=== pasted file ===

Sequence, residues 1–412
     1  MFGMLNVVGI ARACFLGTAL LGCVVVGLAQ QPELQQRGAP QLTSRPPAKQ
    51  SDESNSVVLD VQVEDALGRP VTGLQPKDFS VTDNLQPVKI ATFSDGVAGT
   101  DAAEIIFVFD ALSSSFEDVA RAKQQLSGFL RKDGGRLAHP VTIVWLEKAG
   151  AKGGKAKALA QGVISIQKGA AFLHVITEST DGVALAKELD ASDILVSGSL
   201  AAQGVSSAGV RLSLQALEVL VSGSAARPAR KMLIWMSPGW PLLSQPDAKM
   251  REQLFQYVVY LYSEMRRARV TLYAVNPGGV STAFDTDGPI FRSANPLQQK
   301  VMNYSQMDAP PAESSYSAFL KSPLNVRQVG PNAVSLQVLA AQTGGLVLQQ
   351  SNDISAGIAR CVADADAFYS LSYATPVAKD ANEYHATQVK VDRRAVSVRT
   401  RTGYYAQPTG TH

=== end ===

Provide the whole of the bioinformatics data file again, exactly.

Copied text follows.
Sequence, residues 1–412
     1  MFGMLNVVGI ARACFLGTAL LGCVVVGLAQ QPELQQRGAP QLTSRPPAKQ
    51  SDESNSVVLD VQVEDALGRP VTGLQPKDFS VTDNLQPVKI ATFSDGVAGT
   101  DAAEIIFVFD ALSSSFEDVA RAKQQLSGFL RKDGGRLAHP VTIVWLEKAG
   151  AKGGKAKALA QGVISIQKGA AFLHVITEST DGVALAKELD ASDILVSGSL
   201  AAQGVSSAGV RLSLQALEVL VSGSAARPAR KMLIWMSPGW PLLSQPDAKM
   251  REQLFQYVVY LYSEMRRARV TLYAVNPGGV STAFDTDGPI FRSANPLQQK
   301  VMNYSQMDAP PAESSYSAFL KSPLNVRQVG PNAVSLQVLA AQTGGLVLQQ
   351  SNDISAGIAR CVADADAFYS LSYATPVAKD ANEYHATQVK VDRRAVSVRT
   401  RTGYYAQPTG TH